“Was it scary?” I asked. “Nothing serious ... not scary ... but it’s a unique feeling ... a wave which passes through your body ... your head stops feeling it by the time your legs start feeling it.”
“You make me want an earthquake!!!!” I had written... and he reminded me of these words when I spoke to him later in the evening. It felt a little eerie to re-read that chat. He’d written: “The feeling reminded me of all of us watching the landslide in oozes.”
Sunday’s quake had its epicentre in Sikkim, less than 60 km from Siliguri. Time calmed us all down. I stopped holding on to my daughter. We walked around a little freely. We tried to call our elder daughter in Delhi. All the phone lines were jammed with similar panic calls.
My husband walked around inspecting the cracks with some of our neighbours. “Only the brick work and plaster have cracked,” he announced. “The pillars are unharmed.” Only then did we think of climbing the stairs back up to see what damage had been done to our flat. No, the building was not going to collapse for now. Still, all the neighbours pulled their cars out of the ground-floor parking lot and parked them out in the open.
Inside the flat, we grabbed our cooling cups of tea and checked the damage. A broken photo frame, a chipped plate, some books knocked down. My puja in disarray. Nothing too bad. Nothing that couldn’t wait till later. We put on floaters so that we could run if required, and went downstairs to wait in case there were aftershocks.
Swati and I sat down in the car, though her dad and herself had already decided not to drive out to the wide open spaces like I wanted to. They both said we ought to leave the roads free for people who might need to be rushed to the hospital. We eventually managed to make our phone call to our daughter Parvati, alone in Delhi, scaring and reassuring her in the same breath.
Three young boys from the our building walked by. They were in high spirits. “We could have died!” one announced happily in a loud voice.
“How many times have we studied earthquakes in class? Who ever thought we would actually feel the earth shaking?”
Swati and I couldn’t help laughing when we heard them.
It turned out the boys had been to the movie ~ the one we’d been debating about. They’d all rushed out of the hall when the false ceiling had started crumbling and the hall filled with clouds of dust.
One boy levelled with my window. “You are going to sit the whole night in the car, Aunty?” he asked.
He couldn’t have been more than eleven, and he’d braved the earthquake in the movie hall.
“That will be silly, no?” I replied adding: “Want to sit with us?”
He ran for his life. Again.(The writer is a Siliguri-based freelance contributor)
पहाड कति सुरक्षित र कति खतरामा छ ?
डी के वाइबा, कालिमन्युज, कालेबुङ २० सितम्बर: भुँईचालो, पैह्रो जस्तो विनासकारी लीलाहरुसंग जुझ्न के पहाड अनि पहाड्का मानिसहरु तयार छन भन्ने प्रश्नले अहिले सबैलाई सताई रहेको छ। गता १८ सितम्बरमा गएको भुँईचालोले झन यो प्रश्नलाई अझ जटील बनाई दिएको छ। प्रत्येक वर्ष पहाडमा आपत्कालीन अवस्थाहरु आईरहन्छन । प्राकृतिक प्रकोपहरुमा प्रत्येक बर्ष मान्छेहरुले आफ्नो ज्यान समेत गुमाइरहेको घटना पनि प्रकाशमा आईरहेको छ । आपत्कालिन अवस्थामा मानिसहरु आफ्नो सुरक्षाको निम्ती सोँच्छन तर यस्ता आपदहरु टरेपछी कसैलाई कुनै पर्वाह समेत हुँदैन। सरकारी निकायका अधिकारीहरु पनि आपद अवस्थामा मानिसको ज्यान बँचाउने अनेकन परियोजनाहरु तयार पार्छन अनि समयको गतिसँगै ती कागजी परिकल्पनाहरु कागजमै सिमित बन्दै आईरहेको छ। शहरमा दिनोदिन बड्दै गईरहेको जनसंख्या अनि बहुतल्ले भवनहरुको निर्माणले पनि शहरवासीलाई दिनो दिना खतराको बाटोतिरा डोहोऱ्‍याई रहेको सचेत मानिसहरु बाताँउछन ।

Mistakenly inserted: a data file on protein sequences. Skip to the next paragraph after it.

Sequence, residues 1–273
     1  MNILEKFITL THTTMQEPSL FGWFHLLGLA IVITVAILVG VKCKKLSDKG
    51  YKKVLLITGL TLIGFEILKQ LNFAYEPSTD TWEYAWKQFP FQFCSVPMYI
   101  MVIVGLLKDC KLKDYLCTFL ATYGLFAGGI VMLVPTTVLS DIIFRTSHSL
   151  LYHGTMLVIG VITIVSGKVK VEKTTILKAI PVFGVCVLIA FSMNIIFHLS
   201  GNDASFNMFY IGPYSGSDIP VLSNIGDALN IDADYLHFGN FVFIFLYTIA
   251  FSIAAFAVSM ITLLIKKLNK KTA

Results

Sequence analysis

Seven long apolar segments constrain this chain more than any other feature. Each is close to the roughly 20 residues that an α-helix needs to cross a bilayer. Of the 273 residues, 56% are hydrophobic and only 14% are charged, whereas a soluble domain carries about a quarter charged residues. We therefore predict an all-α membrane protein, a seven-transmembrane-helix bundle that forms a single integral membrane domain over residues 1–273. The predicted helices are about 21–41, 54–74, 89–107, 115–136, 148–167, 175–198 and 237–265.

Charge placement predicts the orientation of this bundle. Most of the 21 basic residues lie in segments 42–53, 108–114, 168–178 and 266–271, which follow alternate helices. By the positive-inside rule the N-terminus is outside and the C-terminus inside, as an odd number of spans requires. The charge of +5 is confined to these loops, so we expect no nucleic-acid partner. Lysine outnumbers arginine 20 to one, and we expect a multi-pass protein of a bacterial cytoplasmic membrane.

हालै भुँईचालोले मच्चाएको बिनस्कारी लीलाले समेत यस्ता खतराहरु प्रति सङ्केत दिएको छ । मान्छेहरु आफ्नो ईच्छापूर्तिको निम्ति प्रत्येक कार्यहरु गर्न पछि पर्दैनन् । तर ती ईच्छापूर्तिका निम्ति गरिएका कार्यहरु आफैको निम्ति कति घातक हुनसक्छ भन्ने सोँच समेत राख्दैनन् । बहुतल्ले भवनहरु जथाभावी निर्माण गर्छन् अनि घर वरिपरीरहेको झोडा नालाहरु साफ सफाई राख्नुको बिपरीत समान र मैलाको थुप्रोहरुले पुरिदिन्छन् । बिभागीय अधिकारीबाट नोटिस आउँदा समेत मौन बस्न पछि पर्दैनन्। बरु राजनीति गरेर उल्टो आफ्नै कार्य सही ठहऱ्‍याउँन समेत पछि पर्दैनन् अनि कुनै आपद आए असुरक्षित रहेको बताउँदै बिभाग प्रतिनै दोष दिन्छन् । यस्तो स्थितिमा पैह्रो र भुँईचालोले ल्याएको बिपदमा मानिसहरुले आफ्नै ज्यान समेत गुमाएको घट्नाहरु प्रकाशमा आउँदा मान्छेहरुको चेत नखोल्नु कसको दोष हो ? एउट उत्तर विहीन प्रश्नले सबैलाई झक्झकाई रहेको छ ।
एकातिर जनसाधरणको जति दोष देखिएको छ त्यतिनै दोष बिभागीय पक्षको पनि रहेको छ यस्ता बिपदका घट्नाहरु हुनमा। प्राकृतिक घट्नाहरुको बहानामा मान्छेहरु आफ्नो दोषलाई ढाकछोप गर्न खोजेपनि वास्तवमा प्राकृतिक घट्ना पछि हुने दुर्घटनामा भने आफ्नै दोष छ भन्ने मानिसहरु स्वीकार गर्दैनन् ।
अवैद्य भवन निर्माण गर्नु, नाला झोडा बन्द गर्नु अनि त्यसपछि प्राकृतिक प्रकोपको बहानामा घट्ने दुर्घटनाको कारक तत्व के मान्छेहरुनै होइनन् ? भन्ने प्रश्न पनि उत्तिकै टट्कारो रहेको छ। आज पहाडभरीनै बहुतल्ले भवनहरु जथाभावी निर्माण भइरहेको छ । बिभागीय अधिकारीवर्गलाइ पनि भवन वैद्य र अवैद्य रहेको जांच् गर्ने फुर्सद नै छैन अनि जव आपतकालको अवस्था आउँछ तब एकाएक अवैद्य भवन जाँच्न दौड धुप गर्छन् । के यसरी पहाडलाई आपत्कालको अवस्थाबाट बँचाउन सकिएला भन्ने प्रश्न पनि उत्तिकै टट्कारो र उत्तरविहीन रहेको छ ।
Foreigners cancel trips, domestic plans stay
AVIJIT SINHA, TT, Siliguri, Sept. 20: The tremor has taken its toll on the tourism sector with a good number of foreigners cancelling their trips to Sikkim.
The tour operators hope that domestic tourists will stick to their travel plans for the festive season and are keeping their fingers crossed.